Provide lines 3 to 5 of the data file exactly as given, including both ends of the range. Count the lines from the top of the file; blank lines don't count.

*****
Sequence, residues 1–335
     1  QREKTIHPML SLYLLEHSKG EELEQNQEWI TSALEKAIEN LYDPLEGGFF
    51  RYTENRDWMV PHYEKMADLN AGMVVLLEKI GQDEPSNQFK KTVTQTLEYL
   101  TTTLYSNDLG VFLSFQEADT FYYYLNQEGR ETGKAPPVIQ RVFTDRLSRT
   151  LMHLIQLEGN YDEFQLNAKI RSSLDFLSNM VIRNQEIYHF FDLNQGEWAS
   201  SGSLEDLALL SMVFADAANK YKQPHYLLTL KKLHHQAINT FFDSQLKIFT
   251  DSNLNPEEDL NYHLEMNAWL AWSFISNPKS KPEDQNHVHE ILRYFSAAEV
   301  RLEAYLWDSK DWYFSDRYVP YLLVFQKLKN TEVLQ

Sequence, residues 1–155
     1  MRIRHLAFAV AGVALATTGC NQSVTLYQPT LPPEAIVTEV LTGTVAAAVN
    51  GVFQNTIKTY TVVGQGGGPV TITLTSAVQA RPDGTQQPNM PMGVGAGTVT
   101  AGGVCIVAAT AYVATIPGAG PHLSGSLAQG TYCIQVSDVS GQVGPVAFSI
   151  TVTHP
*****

    51  RYTENRDWMV PHYEKMADLN AGMVVLLEKI GQDEPSNQFK KTVTQTLEYL
   101  TTTLYSNDLG VFLSFQEADT FYYYLNQEGR ETGKAPPVIQ RVFTDRLSRT
   151  LMHLIQLEGN YDEFQLNAKI RSSLDFLSNM VIRNQEIYHF FDLNQGEWAS